Rights following separation may surprise, says Nina Taylor
The decorations have been packed away, the last mince pies digested and the fun of another festive season is fading into memory – but some are left counting the cost.
For some couples the cost is not only financial, but emotional. January is known to be the busiest month of the year for couples separating as people seek a fresh start. Various surveys have shown up to twice as many inquiries being made about starting separation proceedings than in any other month, as Christmas can be a difficult and stressful time for many.
But the decision to separate can bring new worries and concerns, and one of the most common of these is whether one person can force the other to leave a shared family home. To answer this question, we need to understand the rights of spouses and civil partners prior to divorce or dissolution and of cohabitants on separation.
Firstly let’s deal with the situation where a couple are married or in a civil partnership and the property is owned by only one of them, or a tenancy is in only one name.
The person who owns the house or holds the tenancy has the right to stay there. However, they cannot force out their spouse or civil partner. The Matrimonial Homes (Family Protection)(Scotland) Act 1981 gives such a “non-entitled” spouse or civil partner the right to occupy the family home, along with any children. Even if the house is sold to a third party, the non-entitled spouse or civil partner has the right to continue to live there.
If the spouse or civil partner who owns the property wishes to sell it, he or she will have to obtain the consent of their spouse or civil partner. If that consent is unreasonably withheld then it is necessary to apply to court for an order dispensing with their consent.
The only way in which a spouse or civil partner can remove his or her former partner from the family home is to raise a court action and seek an exclusion order. Such an order has a very high test – it is only granted if necessary for the protection of any spouse or civil partner or child of the family from the conduct, including threatened conduct, of the other party. Such orders are frequently granted in cases where there has been domestic abuse.
If both parties are joint owners or tenants then both have the right at common law to occupy the home and again neither can evict the other unless an exclusion order is obtained. If one person wishes to sell the house and the other does not, an action of division and sale needs to be raised to ask the court to order a sale. The other person can ask the court to postpone or refuse the sale. Sometimes the court will do this if the house is needed for the children of the marriage and there is no other alternative accommodation available.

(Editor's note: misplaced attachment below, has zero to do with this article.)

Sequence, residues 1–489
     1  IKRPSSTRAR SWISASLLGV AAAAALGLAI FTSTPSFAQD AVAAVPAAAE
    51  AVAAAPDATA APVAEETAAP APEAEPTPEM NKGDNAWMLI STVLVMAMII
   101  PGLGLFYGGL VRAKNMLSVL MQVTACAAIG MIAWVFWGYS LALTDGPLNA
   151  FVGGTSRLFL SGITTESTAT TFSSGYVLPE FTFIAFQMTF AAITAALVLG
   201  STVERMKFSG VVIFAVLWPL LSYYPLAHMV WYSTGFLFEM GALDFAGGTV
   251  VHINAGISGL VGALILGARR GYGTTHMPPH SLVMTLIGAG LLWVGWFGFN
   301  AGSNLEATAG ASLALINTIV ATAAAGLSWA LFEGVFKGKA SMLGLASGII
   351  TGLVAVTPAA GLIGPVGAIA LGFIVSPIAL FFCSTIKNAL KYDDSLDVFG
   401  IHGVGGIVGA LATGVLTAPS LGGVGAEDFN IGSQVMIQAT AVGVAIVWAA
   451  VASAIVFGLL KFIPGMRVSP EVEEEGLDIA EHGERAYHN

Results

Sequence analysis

The position of cohabiting couples is different. If only one person is the owner or tenant then the other is protected under provisions of the 1981 Act and cannot be locked out or forced to leave. The main difference is that the cohabitant’s right to occupy is not automatic and he or she has to have the right declared by a court. Thereafter the right to occupy only lasts for six months, although a court can extend the right of occupancy for a further six month period. Cohabitants do not however have the same protection as spouses when it comes to the sale of the house.
If both cohabitants are owners or tenants then neither can insist that the other move out, and if one wishes to sell then an action of division and sale will have to be raised.
Unlike spouses or civil partners, cohabitants do not have the same rights to ask the court to postpone or refuse a decree of sale. As with many aspects of family law, a range of different factors has to be taken into account when considering what happens to the family home after separation.
Anyone who finds themselves in this situation would be well advised to obtain legal advice.
• Nina Taylor is an associate, family law, at Lindsays www.lindsays.co.uk